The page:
I have not, nor will I ever, discriminate against someone who is transgender.  I do not judge people, only God judges.  And because I do not discriminate and I am a compassionate person who cares about all students, I also do not want any student to be bullied, harassed, or victimized due to his/her gender identity/expression.  I voted against this language because I felt as though the current language or a comprehensive policy change (like the one I brought) would have been a better, more sufficient remedy.  Current policy, as it was written, would have encompassed protection for those transgendered individuals---and if they had reported any instances of mistreatment, such transgressions would have been addressed.

My concern now is, if this language is adopted, who decides at the school level what student can receive accommodation or dispensation with respect to dress/code, use of gender identified restrooms, opposite sex locker facilities, participation in gender identifying sports, etc. etc?  Will a doctor’s note or letter from a parent be required? What will the process be at each school to provide accommodation and to enforce this new language so that students will be protected and the board will not face lawsuits?  Has sensitivity training been scheduled for school staff to uphold this policy? What if a student or a whole group of male students decides they want to wear dresses on some days?  Who decides who is legitimate and who is not?  Will the policy result in MORE harassment and bullying of transgendered students?  Can the schools manage something this complex? (At 2 of the High School graduations this year, simplistic yet important policy regarding the order of introductions of platform guests was botched.  This was simple, easy stuff.)  I'm worried about what happens if the profound, much more important policy regarding treatment of transgendered students enacted yesterday--what happens if the schools don't/can't get this right?  Answer:  Lawsuits directed at the School Board.

This is going to be a difficult change to manage, no question.

To reiterate my paramount reason for disagreement:  I believe the addition of specific language as has been done, as  our attorney advised/warned us about during the meeting, .will have the potential to invite litigation if procedures are not followed precisely;  litigation will be all but assured if our schools are not successful at implementing this change.

My preference, what I feel would have been a better course of action, would have been to wait a year and see how significant issues in other districts related to similar policy implementation play out--- prior to enacting this policy locally—so we could learn from those districts and not make the same mistakes.

But I do respect the board’s vote--- even though I'm concerned with the action taken prior to seeing the plan of how it will be implemented.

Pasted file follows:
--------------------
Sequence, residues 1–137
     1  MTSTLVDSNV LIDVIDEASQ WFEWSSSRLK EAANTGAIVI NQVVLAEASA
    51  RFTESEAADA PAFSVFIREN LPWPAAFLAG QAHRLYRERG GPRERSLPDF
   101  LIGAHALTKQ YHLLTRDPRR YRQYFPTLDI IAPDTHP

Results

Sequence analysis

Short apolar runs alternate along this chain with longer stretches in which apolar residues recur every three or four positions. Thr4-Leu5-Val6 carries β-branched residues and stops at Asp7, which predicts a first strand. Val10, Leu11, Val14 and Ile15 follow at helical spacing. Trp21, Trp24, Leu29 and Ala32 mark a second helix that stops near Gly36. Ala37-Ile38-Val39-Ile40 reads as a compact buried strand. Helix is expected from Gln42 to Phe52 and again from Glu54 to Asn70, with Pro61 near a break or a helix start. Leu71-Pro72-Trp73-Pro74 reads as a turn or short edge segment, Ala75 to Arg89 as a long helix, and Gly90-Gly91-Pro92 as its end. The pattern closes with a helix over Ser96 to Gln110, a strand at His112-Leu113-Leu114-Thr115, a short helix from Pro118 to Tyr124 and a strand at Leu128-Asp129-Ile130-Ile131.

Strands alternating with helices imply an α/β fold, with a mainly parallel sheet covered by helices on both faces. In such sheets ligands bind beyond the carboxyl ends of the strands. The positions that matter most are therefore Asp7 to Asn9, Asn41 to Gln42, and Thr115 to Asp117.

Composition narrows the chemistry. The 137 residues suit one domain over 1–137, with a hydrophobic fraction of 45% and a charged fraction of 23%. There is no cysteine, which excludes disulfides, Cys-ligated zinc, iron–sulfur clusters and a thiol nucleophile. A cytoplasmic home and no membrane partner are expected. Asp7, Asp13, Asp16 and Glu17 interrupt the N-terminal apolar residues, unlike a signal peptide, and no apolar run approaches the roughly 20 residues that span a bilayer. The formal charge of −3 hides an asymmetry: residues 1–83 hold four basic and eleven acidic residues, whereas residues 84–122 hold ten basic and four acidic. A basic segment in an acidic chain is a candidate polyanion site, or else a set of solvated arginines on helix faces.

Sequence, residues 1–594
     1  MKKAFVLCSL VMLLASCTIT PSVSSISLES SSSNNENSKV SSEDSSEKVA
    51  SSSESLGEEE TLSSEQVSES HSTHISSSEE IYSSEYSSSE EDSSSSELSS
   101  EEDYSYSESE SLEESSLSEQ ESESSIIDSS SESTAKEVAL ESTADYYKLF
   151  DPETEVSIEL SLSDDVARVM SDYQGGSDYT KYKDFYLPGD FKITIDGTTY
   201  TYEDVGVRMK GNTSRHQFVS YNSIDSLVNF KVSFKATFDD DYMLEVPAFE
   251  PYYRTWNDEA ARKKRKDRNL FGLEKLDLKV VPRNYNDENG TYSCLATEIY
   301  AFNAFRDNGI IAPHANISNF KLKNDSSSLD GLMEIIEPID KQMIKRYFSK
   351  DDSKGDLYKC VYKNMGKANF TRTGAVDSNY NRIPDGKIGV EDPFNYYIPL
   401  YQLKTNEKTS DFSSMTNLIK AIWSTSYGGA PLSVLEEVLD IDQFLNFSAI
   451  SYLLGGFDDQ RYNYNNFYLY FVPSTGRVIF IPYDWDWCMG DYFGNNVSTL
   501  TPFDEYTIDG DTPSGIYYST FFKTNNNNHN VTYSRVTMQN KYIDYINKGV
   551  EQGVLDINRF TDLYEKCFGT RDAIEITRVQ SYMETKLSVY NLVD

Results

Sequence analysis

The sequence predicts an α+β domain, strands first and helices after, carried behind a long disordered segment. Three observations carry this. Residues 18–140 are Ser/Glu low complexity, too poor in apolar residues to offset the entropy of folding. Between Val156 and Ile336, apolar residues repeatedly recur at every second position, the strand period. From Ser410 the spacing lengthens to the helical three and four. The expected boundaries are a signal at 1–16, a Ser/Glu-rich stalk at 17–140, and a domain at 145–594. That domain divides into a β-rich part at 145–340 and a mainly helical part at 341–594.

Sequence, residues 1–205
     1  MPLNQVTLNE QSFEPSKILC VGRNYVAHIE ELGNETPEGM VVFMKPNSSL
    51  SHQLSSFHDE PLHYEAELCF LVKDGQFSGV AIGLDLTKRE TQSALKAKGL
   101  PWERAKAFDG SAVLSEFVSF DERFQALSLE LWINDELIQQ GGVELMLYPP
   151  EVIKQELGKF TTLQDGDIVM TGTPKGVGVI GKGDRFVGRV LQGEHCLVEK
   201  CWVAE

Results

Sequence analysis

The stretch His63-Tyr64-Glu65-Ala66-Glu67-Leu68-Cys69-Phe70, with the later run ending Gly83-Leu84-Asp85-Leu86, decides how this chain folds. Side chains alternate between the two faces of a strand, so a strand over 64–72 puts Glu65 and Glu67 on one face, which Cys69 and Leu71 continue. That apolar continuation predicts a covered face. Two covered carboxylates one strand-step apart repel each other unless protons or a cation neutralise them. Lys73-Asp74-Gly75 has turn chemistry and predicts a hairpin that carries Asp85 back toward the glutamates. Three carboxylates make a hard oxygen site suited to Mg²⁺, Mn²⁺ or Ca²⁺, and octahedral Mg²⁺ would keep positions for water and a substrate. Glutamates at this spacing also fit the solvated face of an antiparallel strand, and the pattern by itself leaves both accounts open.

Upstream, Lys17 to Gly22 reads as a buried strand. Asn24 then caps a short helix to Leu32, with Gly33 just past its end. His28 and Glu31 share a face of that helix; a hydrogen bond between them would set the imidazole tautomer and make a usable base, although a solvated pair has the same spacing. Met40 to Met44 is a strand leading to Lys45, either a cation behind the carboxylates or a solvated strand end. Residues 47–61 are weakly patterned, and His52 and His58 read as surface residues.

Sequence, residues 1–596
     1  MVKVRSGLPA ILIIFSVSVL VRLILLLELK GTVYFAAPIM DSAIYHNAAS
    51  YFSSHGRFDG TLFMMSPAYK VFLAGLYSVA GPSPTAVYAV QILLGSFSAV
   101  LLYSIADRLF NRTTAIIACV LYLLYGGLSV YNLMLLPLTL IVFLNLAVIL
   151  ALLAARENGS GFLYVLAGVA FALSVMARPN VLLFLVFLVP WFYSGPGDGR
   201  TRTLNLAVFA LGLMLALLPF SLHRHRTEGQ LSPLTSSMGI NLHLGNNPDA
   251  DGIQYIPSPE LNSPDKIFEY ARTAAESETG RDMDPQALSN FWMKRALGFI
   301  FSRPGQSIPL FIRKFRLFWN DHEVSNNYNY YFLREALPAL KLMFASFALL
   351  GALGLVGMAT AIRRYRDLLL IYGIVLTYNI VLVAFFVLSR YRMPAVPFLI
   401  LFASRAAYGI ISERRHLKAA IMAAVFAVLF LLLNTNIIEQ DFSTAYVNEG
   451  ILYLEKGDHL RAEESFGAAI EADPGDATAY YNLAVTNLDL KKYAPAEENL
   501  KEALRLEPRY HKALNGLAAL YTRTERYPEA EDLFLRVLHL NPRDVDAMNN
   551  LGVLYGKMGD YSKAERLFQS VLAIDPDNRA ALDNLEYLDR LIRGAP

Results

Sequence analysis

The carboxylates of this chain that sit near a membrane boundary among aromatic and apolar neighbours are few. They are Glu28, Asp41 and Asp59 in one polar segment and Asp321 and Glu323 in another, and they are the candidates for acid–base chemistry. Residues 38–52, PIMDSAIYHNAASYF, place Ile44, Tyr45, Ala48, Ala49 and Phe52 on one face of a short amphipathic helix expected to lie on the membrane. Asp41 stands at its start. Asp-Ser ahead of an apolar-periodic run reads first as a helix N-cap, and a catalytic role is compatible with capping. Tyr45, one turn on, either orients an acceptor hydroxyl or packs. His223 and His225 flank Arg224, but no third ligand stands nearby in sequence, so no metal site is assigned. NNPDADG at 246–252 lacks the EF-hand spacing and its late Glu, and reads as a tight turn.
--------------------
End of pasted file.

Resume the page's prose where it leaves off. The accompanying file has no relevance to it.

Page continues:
This is governance in action, everyone will not always agree, and every vote will not always be "5-0."  Nobody should take this as a shot against them, nobody should get bent out of shape because I voted no.  

There are other items in the document that I dislike as well, related to who places students in schools and who assigns transferred students to their new schools.  This question was not settled at the meeting, even though some compromise on some aspects of this process was reached.  In my view, when the Board's attorney and Superintendent's attorney are in disagreement on something so fundamental--the question must be answered and consensus reached. It seems crystal clear that the Board places students, yet Superintendent Thomas and his attorney, Joe Hammons, disagree;  the language as I read it is unambiguous in 1003.53(1)(a)  1006.07(1)(k) and 1001.41(6) --so somebody is going to have to settle this. I'm going to work on this over the next year, and my  hope for next year is that all stakeholders, myself included, will be able to be much more involved in the development of the R&R handbook prior to the last minute-- which is the opposite of what happened at this year's goat-rope!
  
In addition to this, I hope that next year the non-productive, vitriolic rhetoric directed at the board from the superintendent’s staff in the audience (that were compelled to attend this meeting and directed to speak at public forum to specific issues) can be toned down.  It is unprofessional to loudly groan and moan from the floor of the room, interrupting board members who rightly have the floor.  It’s rude, off-putting, and boorish as well. 

And To the person who said she felt like the board disrespected her and did not trust her--- when I get constituent complaints about the way students are treated at schools, I’m going to work at making and implementing policy solutions to address those deficiencies--that's my job as a school board member.  It’s not personal; don’t take it that way- just as I don’t take it personally when you don’t properly follow established protocol during graduation ceremonies with respect to introductions of your platform guests at your school.